For over four years—from May, 1508, to October, 1512—Angelo worked on the Sistine ceiling. Not continuously; there were interruptions of uncertain length, as when he went to Bologna to besiege Julius for more funds. And not alone: he had helpers to grind the colors, prepare the plaster, perhaps to draw or paint some minor features; parts of the frescoes reveal inferior hands. But the five artists whom he had summoned to Rome were soon dismissed; Angelo’s style of conception, design, and coloring was so different from theirs and the traditions of Florence that he found them more hindrance than aid. Besides, he did not know how to get along with others, and it was one of his consolations, up there on the scaffold, that he was alone; there he could think, in pain but in peace; there he could exemplify Leonardo’s saying: “If you are alone you will be wholly your own.” To the technical difficulties Julius added himself by his impatience to have the great work completed and displayed. Picture the old Pope mounting the frail frame, drawn up to the platform by the artist, expressing admiration, always asking, “When will it be finished?” The reply was a lesson in integrity: “When I shall have done all that I believe required to satisfy art.”37 To which Julius retorted angrily: “Do you want me to hurl you from this scaffold?”38 Yielding later to the papal impatience, Angelo took down the scaffolding before all final touches had been applied. Then Julius thought that a little gold should be added here and there, but the weary artist persuaded him that gold trimmings would hardly become the Prophets or the Apostles. When for the last time Michael descended from the scaffold he was exhausted, emaciated, prematurely old. A story says that his eyes, long accustomed to the subdued illumination of the chapel, could hardly bear the light of the sun;39 and another story that he found it now easier to read by looking upward than by holding the page beneath his eyes.40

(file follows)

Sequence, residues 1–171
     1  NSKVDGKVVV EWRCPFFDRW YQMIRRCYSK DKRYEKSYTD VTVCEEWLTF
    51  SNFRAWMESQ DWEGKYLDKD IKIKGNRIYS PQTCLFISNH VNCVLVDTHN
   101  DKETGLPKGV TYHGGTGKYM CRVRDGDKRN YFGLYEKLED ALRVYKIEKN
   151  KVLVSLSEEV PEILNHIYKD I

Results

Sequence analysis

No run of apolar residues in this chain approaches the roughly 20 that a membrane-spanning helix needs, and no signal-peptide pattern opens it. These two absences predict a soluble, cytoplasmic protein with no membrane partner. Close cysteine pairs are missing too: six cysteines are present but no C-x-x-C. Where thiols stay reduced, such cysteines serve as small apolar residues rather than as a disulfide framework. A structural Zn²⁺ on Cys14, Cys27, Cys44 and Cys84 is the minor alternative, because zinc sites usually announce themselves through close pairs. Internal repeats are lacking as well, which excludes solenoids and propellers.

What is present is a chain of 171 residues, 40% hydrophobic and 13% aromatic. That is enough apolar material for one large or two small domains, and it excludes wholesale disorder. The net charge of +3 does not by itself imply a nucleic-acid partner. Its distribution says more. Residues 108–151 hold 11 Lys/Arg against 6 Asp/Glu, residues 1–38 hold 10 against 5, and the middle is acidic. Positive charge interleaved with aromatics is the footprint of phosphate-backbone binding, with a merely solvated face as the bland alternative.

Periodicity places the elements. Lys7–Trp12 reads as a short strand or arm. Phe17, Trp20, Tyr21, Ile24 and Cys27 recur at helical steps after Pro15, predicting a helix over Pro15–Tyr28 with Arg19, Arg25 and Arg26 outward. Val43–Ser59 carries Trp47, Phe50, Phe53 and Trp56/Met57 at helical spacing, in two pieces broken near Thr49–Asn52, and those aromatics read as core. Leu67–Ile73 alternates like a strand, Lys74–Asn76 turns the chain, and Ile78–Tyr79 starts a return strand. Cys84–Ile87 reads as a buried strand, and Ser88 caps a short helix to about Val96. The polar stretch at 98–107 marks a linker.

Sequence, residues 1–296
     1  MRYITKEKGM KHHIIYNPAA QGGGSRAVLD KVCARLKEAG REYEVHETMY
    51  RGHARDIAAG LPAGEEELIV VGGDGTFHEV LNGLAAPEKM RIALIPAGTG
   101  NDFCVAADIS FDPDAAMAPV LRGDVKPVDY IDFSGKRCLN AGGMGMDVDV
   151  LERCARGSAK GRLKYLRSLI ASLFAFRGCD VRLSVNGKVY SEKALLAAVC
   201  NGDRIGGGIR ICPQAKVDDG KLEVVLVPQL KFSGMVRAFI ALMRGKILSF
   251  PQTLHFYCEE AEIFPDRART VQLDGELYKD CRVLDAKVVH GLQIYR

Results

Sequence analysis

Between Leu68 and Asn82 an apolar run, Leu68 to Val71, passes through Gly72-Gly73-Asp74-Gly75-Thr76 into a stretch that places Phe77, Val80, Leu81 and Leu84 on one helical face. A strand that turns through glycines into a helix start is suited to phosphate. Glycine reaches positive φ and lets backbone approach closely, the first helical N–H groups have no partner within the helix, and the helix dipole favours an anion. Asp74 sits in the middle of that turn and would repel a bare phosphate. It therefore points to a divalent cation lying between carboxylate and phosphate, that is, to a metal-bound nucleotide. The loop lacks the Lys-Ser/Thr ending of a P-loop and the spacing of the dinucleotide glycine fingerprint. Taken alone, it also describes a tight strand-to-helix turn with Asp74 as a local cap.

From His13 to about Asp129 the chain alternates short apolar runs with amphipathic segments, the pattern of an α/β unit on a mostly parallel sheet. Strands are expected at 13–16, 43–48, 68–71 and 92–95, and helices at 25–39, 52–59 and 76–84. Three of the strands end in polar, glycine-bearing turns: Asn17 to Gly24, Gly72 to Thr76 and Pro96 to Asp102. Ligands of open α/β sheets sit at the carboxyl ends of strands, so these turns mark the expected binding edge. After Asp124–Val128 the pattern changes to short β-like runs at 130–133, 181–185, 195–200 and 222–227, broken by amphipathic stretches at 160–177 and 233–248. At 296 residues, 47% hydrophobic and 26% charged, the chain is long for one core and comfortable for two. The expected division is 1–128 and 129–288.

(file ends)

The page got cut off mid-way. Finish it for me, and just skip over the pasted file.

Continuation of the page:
The original plan of Julius for the ceiling had been merely a series of Apostles; Michelangelo prevailed upon him to allow an ampler and nobler scheme. He divided the convex vault into over a hundred panels by picturing columns and moldings between them; and he enhanced the tridimensional illusion with lusty youthful figures upholding the cornices or seated on capitals. In the major panels, running along the crest of the ceiling, Angelo painted episodes from Genesis: the initial act of creation separates light from darkness; the sun, moon, and planets come into being at the command of the Creator—a majestic figure stern of face, powerful of body, with beard and robes flying in the air; the Almighty, even finer in form and feature than in the previous panel, extends His right arm to create Adam, while with the left arm He holds a very pretty angel—this panel is Michelangelo’s pictorial masterpiece; God, now a much older and patriarchal deity, evokes Eve from Adam’s rib; Adam and Eve eat the fruit of the tree, and are expelled from Eden; Noah and his sons prepare a sacrificial offering to God; the flood rises; Noah celebrates with too much wine. All in these panels is Old Testament, all is Hebraic; Michelangelo belongs to the prophets pronouncing doom, not to the evangelists expounding the gospel of love.